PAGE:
The autumn Nor'easter that ripped across the SouthCoast last night left a lot of damage in its wake. Plenty of people lost trees and limbs in their yards while other lost electricity as the trees took out power lines along the roads. As much as those toppling trees are upsetting to the people they affected, their loss could be even worse for area wildlife.

For many small animals who called those trees home, this storm could make the coming winter almost un-survivable. Temperatures after this storm passes through are expected to drop and the more fall-like chill should start to settle in around us. If you are a squirrel who just lost its home when a tree came down, that is not good news.

Squirrels and chipmunks have been hard at work storing food for the winter and getting their homes ready to hunker down into for months on end. If that home just landed in someone's yard, though, it is more likely to become firewood this winter instead.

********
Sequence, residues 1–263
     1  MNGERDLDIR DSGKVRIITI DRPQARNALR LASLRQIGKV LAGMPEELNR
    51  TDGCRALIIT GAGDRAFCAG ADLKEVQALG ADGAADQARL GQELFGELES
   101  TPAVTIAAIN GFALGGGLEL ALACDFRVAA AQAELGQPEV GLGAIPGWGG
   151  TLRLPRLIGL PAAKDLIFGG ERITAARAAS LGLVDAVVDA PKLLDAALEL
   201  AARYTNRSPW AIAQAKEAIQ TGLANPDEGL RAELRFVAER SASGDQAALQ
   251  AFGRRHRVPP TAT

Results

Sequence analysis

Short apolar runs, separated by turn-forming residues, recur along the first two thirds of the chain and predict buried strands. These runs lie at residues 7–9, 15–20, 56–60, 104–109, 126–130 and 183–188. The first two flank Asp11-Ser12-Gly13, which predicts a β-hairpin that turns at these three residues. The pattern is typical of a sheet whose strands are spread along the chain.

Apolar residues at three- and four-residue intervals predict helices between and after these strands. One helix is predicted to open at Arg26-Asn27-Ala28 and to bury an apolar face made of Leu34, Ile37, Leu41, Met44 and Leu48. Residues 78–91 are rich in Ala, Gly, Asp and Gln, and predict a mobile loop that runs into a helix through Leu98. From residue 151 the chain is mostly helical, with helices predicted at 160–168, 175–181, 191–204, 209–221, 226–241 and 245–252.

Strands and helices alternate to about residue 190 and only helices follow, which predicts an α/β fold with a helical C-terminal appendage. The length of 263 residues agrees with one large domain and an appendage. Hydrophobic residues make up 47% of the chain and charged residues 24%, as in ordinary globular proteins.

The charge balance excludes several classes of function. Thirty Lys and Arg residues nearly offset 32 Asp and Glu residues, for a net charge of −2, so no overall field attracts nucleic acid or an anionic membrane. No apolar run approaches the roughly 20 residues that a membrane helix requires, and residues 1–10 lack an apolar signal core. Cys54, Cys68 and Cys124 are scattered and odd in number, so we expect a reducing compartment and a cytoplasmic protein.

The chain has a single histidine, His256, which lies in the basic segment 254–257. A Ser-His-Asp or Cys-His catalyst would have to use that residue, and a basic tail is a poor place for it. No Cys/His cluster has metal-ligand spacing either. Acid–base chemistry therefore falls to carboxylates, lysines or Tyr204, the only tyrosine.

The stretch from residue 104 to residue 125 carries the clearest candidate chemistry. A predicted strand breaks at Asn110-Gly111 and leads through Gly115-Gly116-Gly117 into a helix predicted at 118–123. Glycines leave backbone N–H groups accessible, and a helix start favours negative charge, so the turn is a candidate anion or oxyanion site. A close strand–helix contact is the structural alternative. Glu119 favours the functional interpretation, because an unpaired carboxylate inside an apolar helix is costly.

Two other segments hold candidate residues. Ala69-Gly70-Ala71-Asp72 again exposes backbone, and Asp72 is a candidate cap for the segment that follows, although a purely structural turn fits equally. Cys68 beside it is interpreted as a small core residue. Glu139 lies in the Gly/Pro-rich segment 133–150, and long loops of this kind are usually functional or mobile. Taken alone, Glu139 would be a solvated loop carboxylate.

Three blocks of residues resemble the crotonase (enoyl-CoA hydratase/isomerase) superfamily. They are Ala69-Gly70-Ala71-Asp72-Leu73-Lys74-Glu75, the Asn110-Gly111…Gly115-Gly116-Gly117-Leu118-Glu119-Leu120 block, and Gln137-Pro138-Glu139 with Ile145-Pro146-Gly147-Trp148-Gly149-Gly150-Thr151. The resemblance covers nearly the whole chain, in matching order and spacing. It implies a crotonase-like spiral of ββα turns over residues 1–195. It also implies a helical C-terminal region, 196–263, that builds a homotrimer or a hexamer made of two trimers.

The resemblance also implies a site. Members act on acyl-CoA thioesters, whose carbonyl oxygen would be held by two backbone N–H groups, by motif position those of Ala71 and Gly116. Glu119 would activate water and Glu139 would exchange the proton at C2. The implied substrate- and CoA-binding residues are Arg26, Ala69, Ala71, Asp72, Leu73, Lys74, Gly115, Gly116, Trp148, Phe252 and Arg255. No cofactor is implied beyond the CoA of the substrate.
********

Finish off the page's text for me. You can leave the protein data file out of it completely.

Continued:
So what does that mean for these cute woodland creatures? It means they may need your help. Post-storm, many SouthCoast residents could come across newly-homeless squirrels that may be frantic to find a new place to live. Or worse, injured squirrels that were thrown from their nests as the trees toppled. If you do come across such a squirrel, please try to get them help.

Although local animal shelters are not the answer in this situation, finding help for wildlife is easier than you may think. In both Massachusetts and Rhode Island, you must have a special license to rehabilitate small mammals such as squirrels, chipmunks and bunnies. Most are held by individuals who can be found online. The Rhode Island rehabilitators are listed here and Massachusetts rehabilitators are here. All are typically just a call or text away from coming to help, and will hopefully have room to take the critter you come across.

Items Dangerous to Animals That You Have in Your Yard

We spoke with Wild Care Cape Cod Executive Director Stephanie Ellis about the dangers of many everyday yard items and how they can affect the wildlife we know and love. Here are some of the dangers your yard may present to animals and how you can reduce their risk.

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